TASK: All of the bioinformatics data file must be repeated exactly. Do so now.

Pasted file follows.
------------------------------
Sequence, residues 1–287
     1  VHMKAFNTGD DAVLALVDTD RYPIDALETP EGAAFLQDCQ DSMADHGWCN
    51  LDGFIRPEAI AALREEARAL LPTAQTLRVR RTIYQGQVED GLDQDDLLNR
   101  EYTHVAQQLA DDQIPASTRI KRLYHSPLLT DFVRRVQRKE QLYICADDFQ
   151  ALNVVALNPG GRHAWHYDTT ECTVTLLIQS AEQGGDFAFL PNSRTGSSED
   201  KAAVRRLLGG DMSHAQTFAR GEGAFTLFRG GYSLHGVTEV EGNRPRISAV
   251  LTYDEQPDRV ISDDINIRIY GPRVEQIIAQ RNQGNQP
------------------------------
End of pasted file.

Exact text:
Sequence, residues 1–287
     1  VHMKAFNTGD DAVLALVDTD RYPIDALETP EGAAFLQDCQ DSMADHGWCN
    51  LDGFIRPEAI AALREEARAL LPTAQTLRVR RTIYQGQVED GLDQDDLLNR
   101  EYTHVAQQLA DDQIPASTRI KRLYHSPLLT DFVRRVQRKE QLYICADDFQ
   151  ALNVVALNPG GRHAWHYDTT ECTVTLLIQS AEQGGDFAFL PNSRTGSSED
   201  KAAVRRLLGG DMSHAQTFAR GEGAFTLFRG GYSLHGVTEV EGNRPRISAV
   251  LTYDEQPDRV ISDDINIRIY GPRVEQIIAQ RNQGNQP